“Why do we need to know this?”
There it is. Every teacher’s favorite question right after “Will this be on the test?”
It is always fun to find real-life applications of concepts for which I probably asked the same question. Here is a great example from Wired. How do you determine the field of view of a camera? Pull out your camera and give it a try. It would be a really fun activity for a classroom full of kids, all of them with a different model of phone. This single-block project could involve angle measurements and data analysis comparing the different phones. You could go even further and see if wider angles relate to higher pixel counts or phone price. This would be really fun, I think.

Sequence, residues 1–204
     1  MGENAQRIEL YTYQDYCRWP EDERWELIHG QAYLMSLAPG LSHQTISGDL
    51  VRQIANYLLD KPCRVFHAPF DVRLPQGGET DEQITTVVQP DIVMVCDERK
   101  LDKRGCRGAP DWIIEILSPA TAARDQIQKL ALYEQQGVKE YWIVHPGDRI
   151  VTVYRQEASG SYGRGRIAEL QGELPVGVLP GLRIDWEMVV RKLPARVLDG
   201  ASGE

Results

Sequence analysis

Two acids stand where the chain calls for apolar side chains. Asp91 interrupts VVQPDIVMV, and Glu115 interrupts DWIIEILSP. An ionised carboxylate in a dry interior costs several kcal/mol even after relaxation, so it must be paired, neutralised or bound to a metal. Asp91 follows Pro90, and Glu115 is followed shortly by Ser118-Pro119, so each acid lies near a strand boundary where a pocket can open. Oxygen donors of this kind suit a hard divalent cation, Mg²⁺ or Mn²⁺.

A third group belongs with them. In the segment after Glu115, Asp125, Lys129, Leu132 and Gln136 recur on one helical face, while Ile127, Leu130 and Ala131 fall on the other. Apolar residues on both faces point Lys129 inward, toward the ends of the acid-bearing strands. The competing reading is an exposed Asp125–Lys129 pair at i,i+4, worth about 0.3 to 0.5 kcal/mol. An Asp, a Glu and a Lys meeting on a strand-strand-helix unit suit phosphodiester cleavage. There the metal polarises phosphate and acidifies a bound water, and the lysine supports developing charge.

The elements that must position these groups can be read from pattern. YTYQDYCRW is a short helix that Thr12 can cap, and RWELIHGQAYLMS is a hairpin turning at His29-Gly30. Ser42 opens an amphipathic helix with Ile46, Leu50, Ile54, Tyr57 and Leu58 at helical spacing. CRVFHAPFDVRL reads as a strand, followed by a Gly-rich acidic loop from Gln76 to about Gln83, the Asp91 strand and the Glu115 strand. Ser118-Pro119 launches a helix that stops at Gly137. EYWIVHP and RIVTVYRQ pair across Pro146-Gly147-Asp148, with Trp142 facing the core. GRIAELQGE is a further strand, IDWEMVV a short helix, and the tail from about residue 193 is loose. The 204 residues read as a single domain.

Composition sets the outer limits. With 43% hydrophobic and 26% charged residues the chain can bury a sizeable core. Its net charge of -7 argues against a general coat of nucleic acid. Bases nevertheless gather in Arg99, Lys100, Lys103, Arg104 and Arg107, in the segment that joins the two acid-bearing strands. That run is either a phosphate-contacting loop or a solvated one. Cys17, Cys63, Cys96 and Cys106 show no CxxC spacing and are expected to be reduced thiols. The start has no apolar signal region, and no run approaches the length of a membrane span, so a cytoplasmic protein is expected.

While this is much more advanced, it reminds me of one of my favorite projects of the past eight years as an Instructional Technology Coach in Goochland. Back in 2009 and 2010, Ms. Berry and her students created digital 3D structures and submitted them to Google Earth. Even today, when you visit Goochland in Google Earth, what you see is what the students created. They used very simple tools (student-made clinometers and ropes with knots) to measure buildings accurately. This gave kids a very good understanding of why we learn about angles, triangles, and congruency. With the accurate measurements they gathered, they reproduced the structures using Google SketchUp and Photoshop.